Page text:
Now shower times for the groups may be during the morning time slot (6:00 am to 8:00 am) or the evening time slot (8:00 pm to 10:00 pm). During this time there is no one from the North Park University actually in the building to I guess patrol the area. And so the hosts get the wonderful job of having shower guard duty.

So we get to sit in this empty hallway while the groups use the shower facilities. We find ways to entertain ourselves. In my case I bring a book. Or I journal. Or I just look at the walls. Its really not that bad because its actually time that is designated just to sit. It gives me a lot of time to just think then and process how the week is going. It sucks having to wake up at 5:30 when you have the morning shift but once you get there. It's the easiest thing in the world to just sit.
It's also fun to say hi to the groups and see them. I also feel at home in this hallway because NPU's athletic training room is in this hallway. And all the coaches of the different sports have their offices here. So if I went to this school, I would be spending a lot of time down this hallway anyway.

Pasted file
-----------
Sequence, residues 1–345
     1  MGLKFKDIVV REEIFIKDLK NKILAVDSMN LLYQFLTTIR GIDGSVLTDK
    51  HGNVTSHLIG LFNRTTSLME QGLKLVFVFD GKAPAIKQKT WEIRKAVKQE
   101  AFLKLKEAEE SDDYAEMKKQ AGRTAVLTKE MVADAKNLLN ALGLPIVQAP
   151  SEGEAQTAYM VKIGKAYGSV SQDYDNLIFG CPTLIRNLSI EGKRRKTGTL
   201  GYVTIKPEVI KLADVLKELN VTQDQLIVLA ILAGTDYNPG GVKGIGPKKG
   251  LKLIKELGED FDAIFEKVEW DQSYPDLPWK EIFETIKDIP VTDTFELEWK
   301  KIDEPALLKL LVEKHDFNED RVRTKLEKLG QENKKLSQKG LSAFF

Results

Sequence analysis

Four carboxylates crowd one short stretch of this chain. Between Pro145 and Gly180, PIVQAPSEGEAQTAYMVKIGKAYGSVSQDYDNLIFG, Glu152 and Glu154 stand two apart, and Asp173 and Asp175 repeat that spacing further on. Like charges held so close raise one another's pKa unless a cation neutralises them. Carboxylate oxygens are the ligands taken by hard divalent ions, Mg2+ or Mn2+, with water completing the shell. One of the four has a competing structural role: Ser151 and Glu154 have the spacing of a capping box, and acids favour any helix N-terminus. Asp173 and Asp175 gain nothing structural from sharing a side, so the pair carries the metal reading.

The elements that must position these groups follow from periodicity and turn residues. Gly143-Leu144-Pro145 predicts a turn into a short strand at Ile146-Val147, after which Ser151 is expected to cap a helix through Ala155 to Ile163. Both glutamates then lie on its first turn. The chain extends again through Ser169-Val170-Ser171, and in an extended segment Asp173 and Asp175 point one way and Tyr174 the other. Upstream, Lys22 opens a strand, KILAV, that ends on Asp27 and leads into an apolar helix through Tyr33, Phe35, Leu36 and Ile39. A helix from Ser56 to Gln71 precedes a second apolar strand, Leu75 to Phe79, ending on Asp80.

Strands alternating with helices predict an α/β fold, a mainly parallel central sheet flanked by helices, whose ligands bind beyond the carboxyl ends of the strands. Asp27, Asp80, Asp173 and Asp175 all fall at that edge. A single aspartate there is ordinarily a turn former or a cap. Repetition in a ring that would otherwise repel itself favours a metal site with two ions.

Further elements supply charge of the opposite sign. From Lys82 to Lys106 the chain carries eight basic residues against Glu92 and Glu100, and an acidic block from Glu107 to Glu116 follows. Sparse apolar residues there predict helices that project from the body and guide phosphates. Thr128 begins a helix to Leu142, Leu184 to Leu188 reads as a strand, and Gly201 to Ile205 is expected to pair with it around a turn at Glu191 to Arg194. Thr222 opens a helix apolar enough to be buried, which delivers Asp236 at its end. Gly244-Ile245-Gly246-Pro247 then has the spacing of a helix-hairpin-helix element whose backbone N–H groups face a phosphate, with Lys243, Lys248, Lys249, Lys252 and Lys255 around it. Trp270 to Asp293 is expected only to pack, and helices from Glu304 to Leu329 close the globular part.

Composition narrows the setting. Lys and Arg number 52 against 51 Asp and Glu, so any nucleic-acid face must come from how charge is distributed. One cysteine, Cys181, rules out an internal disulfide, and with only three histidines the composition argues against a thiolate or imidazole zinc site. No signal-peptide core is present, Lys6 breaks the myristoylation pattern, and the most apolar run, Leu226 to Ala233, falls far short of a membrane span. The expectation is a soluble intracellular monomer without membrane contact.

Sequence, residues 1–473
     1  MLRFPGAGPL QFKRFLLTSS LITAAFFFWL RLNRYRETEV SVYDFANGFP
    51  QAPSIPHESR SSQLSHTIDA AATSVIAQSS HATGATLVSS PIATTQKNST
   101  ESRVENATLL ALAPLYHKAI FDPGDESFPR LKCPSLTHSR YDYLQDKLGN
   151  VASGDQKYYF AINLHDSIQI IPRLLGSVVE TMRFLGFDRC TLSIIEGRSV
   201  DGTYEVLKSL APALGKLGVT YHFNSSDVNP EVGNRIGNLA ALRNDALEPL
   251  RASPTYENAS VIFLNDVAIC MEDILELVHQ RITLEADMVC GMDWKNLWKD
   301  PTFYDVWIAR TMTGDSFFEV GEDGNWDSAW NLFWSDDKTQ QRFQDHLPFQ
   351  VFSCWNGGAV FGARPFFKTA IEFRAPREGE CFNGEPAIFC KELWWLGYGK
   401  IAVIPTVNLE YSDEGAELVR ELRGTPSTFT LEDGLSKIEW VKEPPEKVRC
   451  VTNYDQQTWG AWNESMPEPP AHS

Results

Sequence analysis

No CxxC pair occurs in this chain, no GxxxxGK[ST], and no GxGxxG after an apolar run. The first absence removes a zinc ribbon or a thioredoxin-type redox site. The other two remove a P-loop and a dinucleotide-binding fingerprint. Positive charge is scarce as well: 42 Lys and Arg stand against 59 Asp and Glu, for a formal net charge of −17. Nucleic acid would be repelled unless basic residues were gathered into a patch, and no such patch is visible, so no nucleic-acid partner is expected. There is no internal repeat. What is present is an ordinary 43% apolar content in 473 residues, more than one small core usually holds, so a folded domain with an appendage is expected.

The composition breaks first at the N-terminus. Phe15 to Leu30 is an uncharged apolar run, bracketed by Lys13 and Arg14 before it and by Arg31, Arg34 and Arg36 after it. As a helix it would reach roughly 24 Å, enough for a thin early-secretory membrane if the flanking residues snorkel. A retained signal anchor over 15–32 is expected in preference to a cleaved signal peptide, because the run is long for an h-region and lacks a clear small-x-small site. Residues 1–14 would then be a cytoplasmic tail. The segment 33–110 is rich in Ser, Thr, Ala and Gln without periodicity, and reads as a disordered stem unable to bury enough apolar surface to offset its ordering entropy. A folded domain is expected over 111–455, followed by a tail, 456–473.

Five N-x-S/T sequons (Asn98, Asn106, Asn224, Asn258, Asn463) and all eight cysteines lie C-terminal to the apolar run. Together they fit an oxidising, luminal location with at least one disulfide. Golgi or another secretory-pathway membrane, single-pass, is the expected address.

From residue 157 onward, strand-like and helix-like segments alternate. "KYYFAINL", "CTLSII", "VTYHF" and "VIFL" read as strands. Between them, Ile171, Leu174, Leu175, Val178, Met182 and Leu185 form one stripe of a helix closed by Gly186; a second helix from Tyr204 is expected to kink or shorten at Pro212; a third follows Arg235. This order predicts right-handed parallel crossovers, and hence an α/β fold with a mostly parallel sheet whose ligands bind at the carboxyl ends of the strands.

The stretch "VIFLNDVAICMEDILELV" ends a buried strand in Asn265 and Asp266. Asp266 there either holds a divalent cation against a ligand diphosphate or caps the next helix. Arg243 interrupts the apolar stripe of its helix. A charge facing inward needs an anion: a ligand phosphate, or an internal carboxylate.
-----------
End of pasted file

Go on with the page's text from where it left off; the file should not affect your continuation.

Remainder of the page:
When I told my past group what I had to go do, the pastor, who's very sarcastic, commented "Well, are you armed? Do they give you a weapon?"
Yes, pastor, I am packing.

My crew.

These are my co-hosts.

This was taken about nine-thirty at night after Worship night (which is a big celebration night among all the groups that come in. We have group games, Mexican food catered, fellowship, worship, and a speaker comes.) Needless to say from setting up, running around and cleaning up we were all a bit sweaty and tired. But we still got together to take this wonderful group shot.

I love the people that I work with. They are so encouraging and just on fire for God.

We took a lot of pictures that night. Of course, at the end we had to take the customary "funny" picture. Those are always the best.

It's funny because throughout the week we don't get to see each other because we are all with our different groups. This weekend though we get 'staff fun day,' which means on Saturday we're all going on some adventure that our directors haven't told us what we're doing yet.

It will be fun because we'll get to hang out. But I wouldn't mind a day in my pjs...